So now we know why the 49ers aren’t spending much on free agents: Jed York hasn’t paid the rent.
In Negative Headline No. 1,623 since the team left San Francisco and moved into the haunted house that is Levi’s Stadium — sometimes karma doesn’t suck — new Santa Clara mayor Lisa Gillmor says the Niners are $5.5 million short on annual rent payments. Naturally, York’s people say the current demands have been satisfied and that they’re seeking a rent reduction. Still, if the city is expecting $24.5 million and has collected only $19 million, it’s akin to a techie paying only $2,800 for his mid-Market studio when he owes his monthly $3,500.
Meaning, Jed soon could arrive to work with an eviction notice on the door at 4949 Marie DeBartolo Drive. For stadium options, he should know Candlestick Park is a heaping pile of rubble, Mark Davis would agree to restyle his bowlcut hair before letting the Niners share O.co Coliseum with the Raiders, and adorable Kezar Stadium seats only 10,000 in its current iteration — not that the 49ers have half that many fans these days.
Tell me, Jared Goff: Do you really want to play for these flim-flam fools?
“Growing up as a fan of them, that would be awesome,” he said after his Pro Day workout at Cal, before wisely adding, “But at the same time, I’d be more than happy to play anywhere and be with a team or a coach that I want to win games with or be very successful with.”
In an absurdist debacle that has become typical of York’s franchise, the 49ers have followed a dysfunctional 2015 with a chaotic offseason. With Goff, the talented quarterback prospect from Marin, available high in the first round of the upcoming draft, they at least have a chance with the seventh overall pick to provide a hopeful, compelling story line. But 11 years after the York family rejected a Cal QB named Aaron Rodgers, why do I see a scenario where the 49ers don’t pursue Goff and then watch him enjoy a fabulous career elsewhere?
Clad in a pullover and cap, Chip Kelly showed up in Berkeley for the high-profile, nationally televised showcase, yet chatted only briefly with Goff. He continues to voice a bizarre hankering for Colin Kaepernick in what’s looming as a classic disconnect between a new coach, the wacky front office and a disgruntled QB who has aggressively demanded a trade. You remember when Kaepernick ripped Donald Trump for the anti-Muslim climate in America, writing on Instagram, “Racism and discrimination isn’t OK. We’re all human beings! Things need to change!” Seems he might prefer voting for Trump than returning to a franchise he doesn’t trust, starting with CEO York and general manager Trent Baalke.
Yet Kelly isn’t grasping reality. “I’d love to have him. I’m a big Kap fan. I talked to Kap two days ago. It was a good conversation,” he said last week. “I told him, ‘If you’re here, we are going to coach you.’” All while York and Baalke are trying to squeeze a second- or third-round draft pick for Kaepernick on the trade market, while Denver Broncos football boss John Elway — whose chances you like in any staredown with Jed and Trent — views Kaepernick as worthy of fourth-round value. This could go on quite a while, with Cleveland and the New York Jets also involved, but the longer the standoff lasts, the more embarrassing and harmful the situation becomes for the 49ers. If a trade isn’t consummated by April Fools Day, Kaepernick’s $11.9 million base salary is guaranteed, after which he’ll surely blow off the April 4 start of team activities … and create Negative Headline No. 1,624.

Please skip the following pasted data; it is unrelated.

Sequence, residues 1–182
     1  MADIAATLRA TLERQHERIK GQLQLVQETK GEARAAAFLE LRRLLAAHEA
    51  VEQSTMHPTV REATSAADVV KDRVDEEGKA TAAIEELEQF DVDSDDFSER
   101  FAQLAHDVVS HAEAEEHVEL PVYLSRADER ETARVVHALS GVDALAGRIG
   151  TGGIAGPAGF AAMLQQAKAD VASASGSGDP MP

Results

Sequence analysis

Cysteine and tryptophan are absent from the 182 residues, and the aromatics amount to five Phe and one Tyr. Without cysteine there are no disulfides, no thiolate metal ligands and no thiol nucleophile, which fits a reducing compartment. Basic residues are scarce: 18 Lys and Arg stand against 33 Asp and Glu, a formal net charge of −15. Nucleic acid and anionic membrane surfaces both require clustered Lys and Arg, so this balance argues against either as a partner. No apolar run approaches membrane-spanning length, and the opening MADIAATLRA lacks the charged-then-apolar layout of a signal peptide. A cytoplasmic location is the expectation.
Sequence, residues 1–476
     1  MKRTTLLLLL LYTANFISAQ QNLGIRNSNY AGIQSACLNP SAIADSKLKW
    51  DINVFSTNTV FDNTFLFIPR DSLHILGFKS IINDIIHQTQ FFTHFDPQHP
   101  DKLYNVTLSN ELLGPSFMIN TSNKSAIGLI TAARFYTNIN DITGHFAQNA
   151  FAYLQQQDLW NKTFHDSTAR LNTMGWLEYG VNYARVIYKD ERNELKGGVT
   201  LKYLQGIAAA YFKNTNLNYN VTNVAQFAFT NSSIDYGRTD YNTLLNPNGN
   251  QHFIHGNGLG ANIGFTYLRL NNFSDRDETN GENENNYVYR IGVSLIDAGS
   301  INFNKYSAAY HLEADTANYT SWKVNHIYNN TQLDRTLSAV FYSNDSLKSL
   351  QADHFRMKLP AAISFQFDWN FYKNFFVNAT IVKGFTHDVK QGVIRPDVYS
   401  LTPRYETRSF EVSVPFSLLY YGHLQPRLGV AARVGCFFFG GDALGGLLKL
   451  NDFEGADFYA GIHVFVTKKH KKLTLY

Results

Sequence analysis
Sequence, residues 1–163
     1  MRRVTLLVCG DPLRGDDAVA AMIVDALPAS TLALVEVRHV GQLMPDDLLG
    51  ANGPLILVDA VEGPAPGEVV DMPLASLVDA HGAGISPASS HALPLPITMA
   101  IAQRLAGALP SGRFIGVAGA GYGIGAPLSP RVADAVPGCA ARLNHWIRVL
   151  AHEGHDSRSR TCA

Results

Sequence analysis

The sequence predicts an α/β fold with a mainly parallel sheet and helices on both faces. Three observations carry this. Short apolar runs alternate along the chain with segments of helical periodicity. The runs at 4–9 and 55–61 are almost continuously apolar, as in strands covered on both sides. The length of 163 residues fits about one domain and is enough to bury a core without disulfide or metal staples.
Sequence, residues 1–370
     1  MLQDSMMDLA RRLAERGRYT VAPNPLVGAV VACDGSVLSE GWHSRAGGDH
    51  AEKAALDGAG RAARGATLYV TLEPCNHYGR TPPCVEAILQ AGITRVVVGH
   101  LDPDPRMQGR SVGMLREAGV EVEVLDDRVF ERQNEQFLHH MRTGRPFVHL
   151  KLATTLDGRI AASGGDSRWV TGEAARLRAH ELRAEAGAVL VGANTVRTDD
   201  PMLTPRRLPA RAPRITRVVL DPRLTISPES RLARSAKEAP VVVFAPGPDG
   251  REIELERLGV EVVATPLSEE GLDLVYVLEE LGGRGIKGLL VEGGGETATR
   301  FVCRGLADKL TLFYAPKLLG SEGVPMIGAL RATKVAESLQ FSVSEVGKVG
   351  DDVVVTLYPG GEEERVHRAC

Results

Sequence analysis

What’s crazier is, Kaepernick has regressed so woefully since the team move to Levi’s — or since Jed and Trent turned on Jim Harbaugh, the coach who created the once-revolutionary Kaepernick — that the 49ers should ache to start anew with a project like Goff. Or, if he were to fall to them on draft night, Carson Wentz. Developing young QBs is what Kelly does, right? York has said the new coach will be here “for a long time,” so if Kelly likes what he sees in Goff or Wentz, he has the job security to make a major play for a major prospect and build the 49ers around him. Trying to make amends with Kaepernick, a locker room distraction who isn’t accurate enough as a passer to succeed in Kelly’s quick-tempo offense, makes about as much sense as, well, stiffing the city of Santa Clara on rent money.
Scarier is the idea of putting the franchise’s future in the unqualified mitts of Baalke. After whiffing on the entire 2012 draft and missing badly since then, he’s among the NFL’s worst talent evaluators. Do you really want him pulling the trigger on 12 picks next month? He really should use some of those picks to trade up with the Tennessee Titans, land the top selection and make damn sure they have a QB for Kelly to work with. Will Trent have the wherewithal? You already know that answer.
In a division with two ongoing Super Bowl contenders (Seattle and Arizona) and the Los Angeles-rejuvenated Rams, the 49ers may not be a serious operation for years. That should be more evident based on their lack of impact in free agency. Other than giving $11.75 million to guard Zane Beadles to replace departed Alex Boone and throwing a few pennies at backup QB Thad Lewis, Jed and Trent have been quiet. What happened to all that promising talk about having more than $60 million in salary-cap space? Again, Kelly is trying to be a public buffer for his bumbling bosses, blaming a mediocre player pool in saying, “You’re going to pay some guy who’s never made a Pro Bowl who’s going to make more than anybody on your roster — that’s a little bit difficult.”
So, where does the rest of the $60 million go?
Not to the rent payment, obviously.
Jay Mariotti is sports director and lead sports columnist at the San Francisco Examiner. He can be reached at email@example.com. Read his website at jaymariotti.com.